Chapter_10_Exchange_Rates_and_Foreign_Ex

2 if the euro depreciated to 086 per euro the us

Info icon This preview shows pages 39–46. Sign up to view the full content.

View Full Document Right Arrow Icon
2) If the euro depreciated to $0.86 per euro, the U.S. importer should use the spot market in 3 months to save money.
Image of page 39

Info iconThis preview has intentionally blurred sections. Sign up to view the full version.

View Full Document Right Arrow Icon
Foreign Exchange Derivatives Futures A and B agree to trade currencies at set price in the future. Either side of contract can be traded to third parties C, D, E,… (on exchanges). Parties left holding contract must deliver.
Image of page 40
Foreign Exchange Derivatives Examples of how derivatives work Example 1: Hedging A Chief Financial Officer (CFO) of a U.S. firm expects to receive payment of €1 million in 90 days for exports to France. The current spot rate is $1.40 per euro. The Chief Executive Officer (CEO) knows that losses would be incurred on the deal, if the dollar strengthened (i.e., the euro weakened) to less than $1.30 per euro. What should the CFO do? Buy €1 million in put options on $ at rate of $1.35 per euro Insures the firm’s euro receipts will sell for at least this rate. The put option guarantees the firm a profit, even if the spot rate falls below $1.35.
Image of page 41

Info iconThis preview has intentionally blurred sections. Sign up to view the full version.

View Full Document Right Arrow Icon
Foreign Exchange Derivatives Examples of how derivatives work Example 2: Speculation One-year euro futures are currently priced at $1.20. You expect the dollar will depreciate to $1.32 in the next 12 months. What should you do? Buy these futures If you are proved right you will earn a 10% profit. Any level above $1.20 will generate a profit. If the dollar is at or below $1.20 a year from now, however, your investment in futures will be a total loss.
Image of page 42
The Market for Foreign Exchange Private Actors Commercial banks The key players are foreign exchange traders, most of whom work for big commercial banks. They engage in interbank trading (all electronic) between bank accounts in different currencies. Major trading banks (% of volume) The top 5 banks account for 50% of the market. The top 10 banks account for 75% of the market. Bank deposits are the most important influence in the foreign exchange market.
Image of page 43

Info iconThis preview has intentionally blurred sections. Sign up to view the full version.

View Full Document Right Arrow Icon
The Market for Foreign Exchange Private Actors Other players Major corporations (e.g., multinationals) Nonbank financial firms (e.g., mutual funds) By trading directly in the foreign exchange market, other players avoid paying fees and commissions charged by commercial banks. The volume of transactions needs to be large enough to make in-house currency trading worthwhile.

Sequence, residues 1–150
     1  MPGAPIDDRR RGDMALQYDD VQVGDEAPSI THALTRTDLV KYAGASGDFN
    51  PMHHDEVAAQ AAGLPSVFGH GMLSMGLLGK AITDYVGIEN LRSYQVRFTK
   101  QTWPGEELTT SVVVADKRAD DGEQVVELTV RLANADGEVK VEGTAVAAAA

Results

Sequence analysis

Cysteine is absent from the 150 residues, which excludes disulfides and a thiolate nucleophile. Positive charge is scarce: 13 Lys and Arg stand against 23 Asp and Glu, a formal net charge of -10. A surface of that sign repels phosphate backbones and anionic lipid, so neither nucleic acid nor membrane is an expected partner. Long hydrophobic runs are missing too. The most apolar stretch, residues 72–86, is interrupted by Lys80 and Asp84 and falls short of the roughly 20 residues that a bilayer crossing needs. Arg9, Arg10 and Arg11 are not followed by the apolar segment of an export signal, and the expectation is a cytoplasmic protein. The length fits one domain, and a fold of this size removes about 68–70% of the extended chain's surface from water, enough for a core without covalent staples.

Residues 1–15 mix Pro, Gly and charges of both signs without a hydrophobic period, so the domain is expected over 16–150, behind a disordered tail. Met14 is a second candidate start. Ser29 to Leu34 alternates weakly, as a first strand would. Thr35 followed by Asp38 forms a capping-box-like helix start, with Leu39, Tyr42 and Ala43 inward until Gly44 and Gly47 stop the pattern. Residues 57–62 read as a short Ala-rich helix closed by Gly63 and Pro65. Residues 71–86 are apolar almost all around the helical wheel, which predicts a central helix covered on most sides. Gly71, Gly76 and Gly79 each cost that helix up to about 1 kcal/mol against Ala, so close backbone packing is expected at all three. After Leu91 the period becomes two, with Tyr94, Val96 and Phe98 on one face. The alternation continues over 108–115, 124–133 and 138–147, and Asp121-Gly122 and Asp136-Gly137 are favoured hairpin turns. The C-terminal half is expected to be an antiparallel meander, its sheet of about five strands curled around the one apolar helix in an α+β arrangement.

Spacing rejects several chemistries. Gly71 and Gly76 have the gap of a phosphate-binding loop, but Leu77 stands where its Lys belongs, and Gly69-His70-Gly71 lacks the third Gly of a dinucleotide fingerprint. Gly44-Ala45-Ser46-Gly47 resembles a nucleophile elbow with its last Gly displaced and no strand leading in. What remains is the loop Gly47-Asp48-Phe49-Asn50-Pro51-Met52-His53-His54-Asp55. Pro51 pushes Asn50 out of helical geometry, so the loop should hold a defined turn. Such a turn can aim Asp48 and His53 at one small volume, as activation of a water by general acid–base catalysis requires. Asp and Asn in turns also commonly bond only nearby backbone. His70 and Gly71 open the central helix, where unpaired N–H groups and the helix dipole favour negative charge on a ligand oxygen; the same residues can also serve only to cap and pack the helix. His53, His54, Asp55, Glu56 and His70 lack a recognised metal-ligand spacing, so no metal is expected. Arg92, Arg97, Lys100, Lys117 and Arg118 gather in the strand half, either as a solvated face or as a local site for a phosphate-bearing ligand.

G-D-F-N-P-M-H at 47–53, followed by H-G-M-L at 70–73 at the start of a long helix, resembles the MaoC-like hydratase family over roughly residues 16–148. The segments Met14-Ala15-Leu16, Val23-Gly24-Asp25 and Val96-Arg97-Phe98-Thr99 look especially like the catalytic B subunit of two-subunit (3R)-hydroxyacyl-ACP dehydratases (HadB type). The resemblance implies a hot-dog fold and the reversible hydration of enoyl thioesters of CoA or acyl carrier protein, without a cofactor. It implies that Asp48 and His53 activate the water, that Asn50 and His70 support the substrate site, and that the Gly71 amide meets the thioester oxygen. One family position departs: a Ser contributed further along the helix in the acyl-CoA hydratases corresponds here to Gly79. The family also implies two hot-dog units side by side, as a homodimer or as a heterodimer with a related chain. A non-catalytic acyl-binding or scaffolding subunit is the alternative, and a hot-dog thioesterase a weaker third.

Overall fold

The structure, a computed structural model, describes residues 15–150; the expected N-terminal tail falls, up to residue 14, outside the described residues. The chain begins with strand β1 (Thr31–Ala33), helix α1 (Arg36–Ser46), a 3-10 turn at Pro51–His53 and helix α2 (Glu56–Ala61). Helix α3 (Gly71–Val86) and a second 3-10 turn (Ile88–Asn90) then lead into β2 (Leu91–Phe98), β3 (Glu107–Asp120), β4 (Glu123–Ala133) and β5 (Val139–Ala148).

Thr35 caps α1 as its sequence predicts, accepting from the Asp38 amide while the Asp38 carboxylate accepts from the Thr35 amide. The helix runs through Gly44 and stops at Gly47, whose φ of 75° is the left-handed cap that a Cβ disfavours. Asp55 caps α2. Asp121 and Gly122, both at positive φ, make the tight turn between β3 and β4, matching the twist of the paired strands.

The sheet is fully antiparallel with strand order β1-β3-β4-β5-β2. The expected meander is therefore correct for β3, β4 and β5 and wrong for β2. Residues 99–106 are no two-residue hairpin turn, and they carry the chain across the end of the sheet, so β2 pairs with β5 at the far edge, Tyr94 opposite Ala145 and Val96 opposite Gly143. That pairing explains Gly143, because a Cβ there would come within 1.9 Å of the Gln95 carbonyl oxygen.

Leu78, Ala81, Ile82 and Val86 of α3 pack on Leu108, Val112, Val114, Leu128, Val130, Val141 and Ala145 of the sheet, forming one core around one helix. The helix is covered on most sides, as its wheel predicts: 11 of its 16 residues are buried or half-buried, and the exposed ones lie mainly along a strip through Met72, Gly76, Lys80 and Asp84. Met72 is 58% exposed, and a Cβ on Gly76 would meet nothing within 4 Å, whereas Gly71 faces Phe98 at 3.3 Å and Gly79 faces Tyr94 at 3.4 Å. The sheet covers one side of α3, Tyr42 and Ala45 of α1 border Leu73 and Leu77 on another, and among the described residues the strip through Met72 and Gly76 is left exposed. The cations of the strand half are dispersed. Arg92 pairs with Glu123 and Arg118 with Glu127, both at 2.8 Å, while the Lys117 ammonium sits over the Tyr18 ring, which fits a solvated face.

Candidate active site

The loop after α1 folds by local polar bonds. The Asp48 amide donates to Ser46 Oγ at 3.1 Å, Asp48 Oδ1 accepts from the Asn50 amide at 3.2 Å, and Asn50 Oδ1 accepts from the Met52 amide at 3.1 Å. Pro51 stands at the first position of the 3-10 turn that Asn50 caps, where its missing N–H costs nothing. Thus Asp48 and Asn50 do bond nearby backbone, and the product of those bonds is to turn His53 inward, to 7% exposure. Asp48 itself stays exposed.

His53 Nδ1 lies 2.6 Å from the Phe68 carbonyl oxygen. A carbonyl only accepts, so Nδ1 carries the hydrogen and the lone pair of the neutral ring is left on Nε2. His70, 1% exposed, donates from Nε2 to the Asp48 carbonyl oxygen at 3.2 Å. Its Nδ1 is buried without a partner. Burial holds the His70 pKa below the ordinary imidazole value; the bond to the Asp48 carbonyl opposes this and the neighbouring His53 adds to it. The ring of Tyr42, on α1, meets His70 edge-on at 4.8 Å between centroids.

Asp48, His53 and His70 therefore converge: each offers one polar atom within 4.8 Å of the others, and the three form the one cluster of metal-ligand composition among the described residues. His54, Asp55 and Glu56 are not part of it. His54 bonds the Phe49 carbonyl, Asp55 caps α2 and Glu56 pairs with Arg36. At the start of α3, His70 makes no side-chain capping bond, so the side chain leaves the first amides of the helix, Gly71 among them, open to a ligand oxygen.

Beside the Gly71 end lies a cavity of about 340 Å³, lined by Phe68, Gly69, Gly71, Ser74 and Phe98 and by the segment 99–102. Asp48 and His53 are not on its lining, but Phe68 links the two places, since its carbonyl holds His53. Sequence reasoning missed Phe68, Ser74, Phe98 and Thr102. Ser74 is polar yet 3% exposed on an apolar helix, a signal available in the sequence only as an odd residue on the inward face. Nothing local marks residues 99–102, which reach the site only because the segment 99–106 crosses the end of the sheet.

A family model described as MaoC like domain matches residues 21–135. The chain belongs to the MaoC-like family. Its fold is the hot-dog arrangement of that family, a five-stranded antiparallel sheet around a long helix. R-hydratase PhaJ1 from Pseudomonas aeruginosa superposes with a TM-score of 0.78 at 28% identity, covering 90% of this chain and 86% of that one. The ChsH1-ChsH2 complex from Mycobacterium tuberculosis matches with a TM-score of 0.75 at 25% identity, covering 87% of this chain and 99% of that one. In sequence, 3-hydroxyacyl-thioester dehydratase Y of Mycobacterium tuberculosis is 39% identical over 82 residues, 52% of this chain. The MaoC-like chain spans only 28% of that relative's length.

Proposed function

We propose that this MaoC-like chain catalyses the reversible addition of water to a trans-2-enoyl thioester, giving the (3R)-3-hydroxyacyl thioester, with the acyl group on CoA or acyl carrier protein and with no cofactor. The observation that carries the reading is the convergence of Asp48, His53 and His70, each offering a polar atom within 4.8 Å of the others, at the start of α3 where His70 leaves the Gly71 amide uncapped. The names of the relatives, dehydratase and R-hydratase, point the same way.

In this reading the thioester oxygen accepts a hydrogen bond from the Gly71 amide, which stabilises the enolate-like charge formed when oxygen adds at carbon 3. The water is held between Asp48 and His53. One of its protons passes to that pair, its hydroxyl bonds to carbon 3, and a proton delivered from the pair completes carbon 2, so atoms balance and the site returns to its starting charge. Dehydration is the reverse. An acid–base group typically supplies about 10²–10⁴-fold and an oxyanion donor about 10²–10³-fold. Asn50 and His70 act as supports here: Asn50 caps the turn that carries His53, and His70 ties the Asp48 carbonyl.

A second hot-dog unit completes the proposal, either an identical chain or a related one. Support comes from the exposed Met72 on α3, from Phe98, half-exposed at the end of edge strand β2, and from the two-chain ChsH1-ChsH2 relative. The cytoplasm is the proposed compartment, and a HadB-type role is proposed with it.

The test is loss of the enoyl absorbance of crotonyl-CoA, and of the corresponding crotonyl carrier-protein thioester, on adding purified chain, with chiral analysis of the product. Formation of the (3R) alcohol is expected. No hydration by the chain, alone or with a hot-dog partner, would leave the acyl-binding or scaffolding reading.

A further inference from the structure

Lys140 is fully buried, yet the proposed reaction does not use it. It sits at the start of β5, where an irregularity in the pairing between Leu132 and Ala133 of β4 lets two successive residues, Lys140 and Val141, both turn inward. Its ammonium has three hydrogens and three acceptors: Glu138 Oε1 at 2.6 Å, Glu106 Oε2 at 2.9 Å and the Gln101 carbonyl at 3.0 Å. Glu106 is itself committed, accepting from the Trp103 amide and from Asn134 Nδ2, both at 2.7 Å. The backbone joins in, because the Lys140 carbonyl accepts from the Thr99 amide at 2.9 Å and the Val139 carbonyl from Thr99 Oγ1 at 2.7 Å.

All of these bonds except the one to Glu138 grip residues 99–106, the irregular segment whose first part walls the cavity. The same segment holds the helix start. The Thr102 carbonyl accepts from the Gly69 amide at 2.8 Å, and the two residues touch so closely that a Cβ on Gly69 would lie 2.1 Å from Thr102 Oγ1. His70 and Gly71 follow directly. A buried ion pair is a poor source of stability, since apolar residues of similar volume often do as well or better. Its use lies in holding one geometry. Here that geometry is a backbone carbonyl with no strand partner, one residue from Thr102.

Image of page 44
The Market for Foreign Exchange Government Intervention Governments may try to control or regulate the foreign exchange market. The government may: Impose capital controls to limit trading. Establish an official market for foreign exchange at government-set rates. This usually leads to the creation of a black market (illegal transactions at rates that differ from the official ones). Try to shut down the foreign exchange market through outlawing trading. Most often, government takes less drastic measures, relying on intervention to control foreign exchange prices.
Image of page 45

Info iconThis preview has intentionally blurred sections. Sign up to view the full version.

View Full Document Right Arrow Icon
Image of page 46
This is the end of the preview. Sign up to access the rest of the document.

{[ snackBarMessage ]}

What students are saying

  • Left Quote Icon

    As a current student on this bumpy collegiate pathway, I stumbled upon Course Hero, where I can find study resources for nearly all my courses, get online help from tutors 24/7, and even share my old projects, papers, and lecture notes with other students.

    Student Picture

    Kiran Temple University Fox School of Business ‘17, Course Hero Intern

  • Left Quote Icon

    I cannot even describe how much Course Hero helped me this summer. It’s truly become something I can always rely on and help me. In the end, I was not only able to survive summer classes, but I was able to thrive thanks to Course Hero.

    Student Picture

    Dana University of Pennsylvania ‘17, Course Hero Intern

  • Left Quote Icon

    The ability to access any university’s resources through Course Hero proved invaluable in my case. I was behind on Tulane coursework and actually used UCLA’s materials to help me move forward and get everything together on time.

    Student Picture

    Jill Tulane University ‘16, Course Hero Intern